Understanding Educational Milestones
Adopted children are often born under trying conditions, which can be exacerbated by stress for both the birth mother and the child, undernourishment and a lack of prenatal care. This can have a long-term impact and many adopted children have developmental delays, disabilities and disorders. Often these conditions aren’t apparent when the children are young (0-7 years ). So it’s important for adoptive families to be aware and take the necessary steps to intervene early.
Many times, doctors and teachers will believe that a child is reaching academic milestones and there is no cause for concern, but many adoptive families have experienced a different pattern. Our goal is to inform adoptive parents of possible red flags and the resources available to address these issues. Knowledge is power and we want to empower all adoptive families.
Learning differences can be hard to pinpoint, especially at a very young age. Most warning signs can be spotted through observing social/emotional development, cognitive development, language and communication and through movement and physical development. A few specific warning signs for potential learning issues during 0-5 years age range are delayed speech, pronunciation problems, difficulty learning new words or numbers or the alphabet, a short attention span, difficulty following directions, and poor grip of a crayon or pen. In older children, 6-13 years, challenges become more apparent. Some warning signs to look out for are difficulty with speech, problems with reading, writing, poor math skills, poor social skills, poor memory, unable to follow instructions, disruptivness or inattentive behavior. For more details, this CDC app describes milestones in detail by age.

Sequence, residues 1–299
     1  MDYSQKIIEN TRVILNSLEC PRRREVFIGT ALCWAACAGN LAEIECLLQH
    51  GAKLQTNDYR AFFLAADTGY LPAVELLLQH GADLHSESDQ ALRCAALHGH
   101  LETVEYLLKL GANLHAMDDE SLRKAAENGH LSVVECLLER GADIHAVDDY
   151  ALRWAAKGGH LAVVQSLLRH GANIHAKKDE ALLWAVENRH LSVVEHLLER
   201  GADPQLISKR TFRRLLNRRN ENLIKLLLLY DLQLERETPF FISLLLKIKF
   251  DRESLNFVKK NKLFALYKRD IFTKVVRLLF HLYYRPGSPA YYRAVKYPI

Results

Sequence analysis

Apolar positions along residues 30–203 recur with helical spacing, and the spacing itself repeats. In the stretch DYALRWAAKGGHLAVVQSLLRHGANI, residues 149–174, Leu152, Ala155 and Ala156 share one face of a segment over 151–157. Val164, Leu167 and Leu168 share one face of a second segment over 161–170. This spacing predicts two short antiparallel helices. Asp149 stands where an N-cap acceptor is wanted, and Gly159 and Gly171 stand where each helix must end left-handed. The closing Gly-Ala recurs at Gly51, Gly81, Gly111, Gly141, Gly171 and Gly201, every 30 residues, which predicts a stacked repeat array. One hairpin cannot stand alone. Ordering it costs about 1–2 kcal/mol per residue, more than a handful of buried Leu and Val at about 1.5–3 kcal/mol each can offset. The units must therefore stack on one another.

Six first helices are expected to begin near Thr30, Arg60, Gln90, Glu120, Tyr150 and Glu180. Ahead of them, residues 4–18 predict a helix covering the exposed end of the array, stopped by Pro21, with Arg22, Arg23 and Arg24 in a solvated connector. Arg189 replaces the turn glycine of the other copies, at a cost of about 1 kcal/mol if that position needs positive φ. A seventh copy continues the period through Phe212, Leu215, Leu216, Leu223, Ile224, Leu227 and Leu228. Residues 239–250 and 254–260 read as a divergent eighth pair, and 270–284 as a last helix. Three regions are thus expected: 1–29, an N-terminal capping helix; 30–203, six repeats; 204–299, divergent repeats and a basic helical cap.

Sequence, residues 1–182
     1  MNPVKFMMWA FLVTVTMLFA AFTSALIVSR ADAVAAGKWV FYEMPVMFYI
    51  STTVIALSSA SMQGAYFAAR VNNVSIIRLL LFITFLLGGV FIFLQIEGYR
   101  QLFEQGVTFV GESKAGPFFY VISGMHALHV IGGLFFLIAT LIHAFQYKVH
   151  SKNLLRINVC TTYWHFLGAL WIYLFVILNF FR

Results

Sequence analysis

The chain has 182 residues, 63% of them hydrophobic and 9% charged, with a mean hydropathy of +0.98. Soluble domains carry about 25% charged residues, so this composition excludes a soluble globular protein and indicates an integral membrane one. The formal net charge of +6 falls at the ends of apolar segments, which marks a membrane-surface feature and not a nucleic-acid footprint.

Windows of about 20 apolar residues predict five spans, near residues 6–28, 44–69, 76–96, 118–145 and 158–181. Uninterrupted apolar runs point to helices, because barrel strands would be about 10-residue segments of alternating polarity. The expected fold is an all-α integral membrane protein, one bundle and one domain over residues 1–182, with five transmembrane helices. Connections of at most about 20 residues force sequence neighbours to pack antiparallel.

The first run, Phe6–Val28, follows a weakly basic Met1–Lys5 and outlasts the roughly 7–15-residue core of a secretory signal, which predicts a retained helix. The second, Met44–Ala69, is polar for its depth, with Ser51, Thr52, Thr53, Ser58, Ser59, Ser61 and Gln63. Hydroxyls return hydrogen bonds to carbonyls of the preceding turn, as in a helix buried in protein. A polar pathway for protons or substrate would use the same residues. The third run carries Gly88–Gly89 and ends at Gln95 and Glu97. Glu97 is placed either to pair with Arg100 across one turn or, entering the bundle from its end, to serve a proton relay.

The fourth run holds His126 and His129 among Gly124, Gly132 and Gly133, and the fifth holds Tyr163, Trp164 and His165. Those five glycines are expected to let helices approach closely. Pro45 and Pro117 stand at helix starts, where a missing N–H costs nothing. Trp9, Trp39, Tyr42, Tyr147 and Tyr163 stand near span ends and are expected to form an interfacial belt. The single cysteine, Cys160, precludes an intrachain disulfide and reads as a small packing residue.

Here is a basic guide to age-appropriate academic and pre-academic skills.
Understand that a rattle toy makes noise
Toddler knows to hold fingers up to express numbers.
Preschoolers can count to 20
Kindergartners draw/copy symmetrical shapes
Look/touch pictures in books
Name familiar pictures
Knows correct way to hold a book
Match letter sounds to letters
Read some sight words
Hold a pencil straight up and down in clenched fist.
Attempt to write from left to right by making scribbles
Try to write letters of the alphabet and copy words
Use paper/pencil for math problems
Estimate and round
Start reading or ask to be read to
Recognize about 200 sight words
Make the move from learning to read to reading to learn
Identify and articulate main ideas
Learn to hold a pencil correctly.
Use inventive spelling
Develop improved handwriting
Start to use the writing process, (writing, proofreading, correcting)
Basic Algebra with one unknown number
Work with fractions, percentages and proportions
Understand basic geometry
Use math language to convey thoughts and solutions
Summarize what has been read
Relate events in story to their own
Make inferences, draw conclusions
Write multi-paragraph essays
Sharpened grammar skills, using complex sentences
Adding to vocabulary
Different styles of writing
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